The path beyond 5 TW

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From pv magazine Global 02/24

Solar power will play a crucial role in the planned tripling of renewable energy capacity by 2030, delivering an unprecedented fivefold generation capacity increase by the end of 2030, to 5.4 TW – and some forecasts are even more optimistic. Despite the competitiveness of renewables, led by solar, challenges persist and require urgent policy action on financial flows, permitting, electricity grids, and supply chains.

The first step to delivering the renewable energy capacity the planet requires is to align global policy around a renewables transition. The GRA launched the #3xRenewables campaign in September 2023 with the aim of focusing attention on this urgent objective, in order to deliver rapid progress.

Just five months after that launch, some 300 organizations have signed an open letter calling for #3xRenewables and 198 countries and regional blocs agreed to the target at COP28, with 130 of them also committing to a global renewables and energy efficiency pledge. In order to deliver on that global commitment, governments must focus on four core actions, outlined below.

Financial flows

The flow of funds – including export finance and climate finance, as well as public and private capital – must be redirected from fossil fuel energy to the build-out of renewables and grids. In a policy report developed by the GRA, the International Renewable Energy Agency, and the COP28 presidency, we found that a USD10 trillion ($15.4 trillion) investment in renewable energy deployment between 2023 and 2030 will be key to align with a global net-zero trajectory by 2050. While this may be a staggering number, USD7 trillion is currently paid in fossil fuel subsidies annually and an additional USD1 trillion was invested into fossil fuels in 2023. There is a need for a long-term sustainability perspective, rather than more capital.

To achieve our global target, we must also prioritize low-cost and long-term financing in the least developed economies and off-grid communities for a “just energy transition.”

Supply chains

Strengthening supply chains is crucial to avoid vulnerability and ensure all benefits from the opportunities offered by the energy transition. Investing in local supply chains promotes job creation, economic growth, and stable renewable energy expansion. Governments should prioritize transparent supply chains and should incentivize adherence to high environmental, social, and corporate governance (ESG) standards to bolster investor confidence and eliminate market barriers to pave the way to achieving solar targets. ESG standards such as the “do no significant harm” principle, as well as best practice initiatives such as the Solar Stewardship Initiative, will also be critical for ecologically and socio-economically sustainable development.

Electricity networks

Grid upgrades and development are a critical factor in the growth of renewables. Beyond accommodating the variability of renewable energy, the focus of grid upgrades should prioritize bolstering resilience, flexibility, and accessibility to smart grids. Solar power can be a cornerstone of energy security, through decentralized energy generation systems ranging from utility-scale sites to individual homes – offering unique opportunities for the least developed countries to expand energy access. Achieving this means tackling both transmission and distribution grid issues to deliver cost-competitive solar energy globally.

Solar’s decentralized potential enhances resilience against grid failures and other crises, powering essential services such as fridges for food and vaccines, light for construction, and mobile phone charging points. Policymakers must integrate decentralized solar design into national planning for a secure and just future.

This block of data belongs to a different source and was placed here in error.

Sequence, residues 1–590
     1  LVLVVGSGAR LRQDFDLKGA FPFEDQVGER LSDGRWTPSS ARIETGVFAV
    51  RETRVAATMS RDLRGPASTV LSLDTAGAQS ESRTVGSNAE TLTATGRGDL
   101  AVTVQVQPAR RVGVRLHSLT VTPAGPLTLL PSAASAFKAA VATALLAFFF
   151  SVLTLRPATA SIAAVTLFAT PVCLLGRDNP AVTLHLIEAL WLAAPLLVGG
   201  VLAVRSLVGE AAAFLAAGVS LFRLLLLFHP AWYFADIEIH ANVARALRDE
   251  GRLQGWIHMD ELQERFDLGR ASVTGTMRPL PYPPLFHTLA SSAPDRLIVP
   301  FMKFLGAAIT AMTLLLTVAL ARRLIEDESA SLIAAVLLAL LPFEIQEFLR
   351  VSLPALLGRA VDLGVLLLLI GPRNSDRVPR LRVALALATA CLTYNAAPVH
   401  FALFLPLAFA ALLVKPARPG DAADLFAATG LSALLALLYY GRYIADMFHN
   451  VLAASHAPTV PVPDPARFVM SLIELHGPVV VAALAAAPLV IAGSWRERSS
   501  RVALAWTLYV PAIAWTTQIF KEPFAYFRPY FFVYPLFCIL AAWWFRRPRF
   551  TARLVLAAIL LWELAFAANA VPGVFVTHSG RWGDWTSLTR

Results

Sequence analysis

Permissions process

With lengthy timelines and overlapping responsibilities among government entities, permitting processes can represent a significant roadblock for the rapid expansion of solar, both large and small scale.

To overcome this obstacle, permitting procedures for solar projects should adopt a standardized and clearly defined process proportionate to the size of installation and incorporating a “one-stop shop” approach. Considering the relatively small impact of rooftop solar, permitting processes for small-scale projects should be much more streamlined, compared to utility-scale developments. In some countries, the permitting burden has even been removed entirely for residential and commercial rooftops for installations with a generation capacity of up to 5 MW.

Cautious optimism

As we look ahead, the renewables sector is optimistic but realistic. The technology is at our disposal, renewables are cost-competitive and will create millions of jobs, and the benefits of a green grid are undeniable. Realizing this vision, however, demands policies which align to remove barriers and direct finance where it will have the most significant impact. This is where organizations such as the Global Solar Council (GSC) are critical – uniting the world’s solar industry. By bringing together expertise and stakeholders from regions across the world, the GSC, in strong collaboration with other renewable energy sectors, through the GRA, can drive the way to shaping our sustainable energy landscape.

About the author: Bruce Douglas is CEO of the Global Renewables Alliance, which includes leading industry associations for wind, geothermal, hydropower, long-duration energy storage, and green hydrogen. He has 25 years of international experience in the promotion of renewable energy and electrification and helped found the Global Solar Council in 2015, when he worked for trade body SolarPower Europe.

The views and opinions expressed in this article are the author’s own, and do not necessarily reflect those held by pv magazine.

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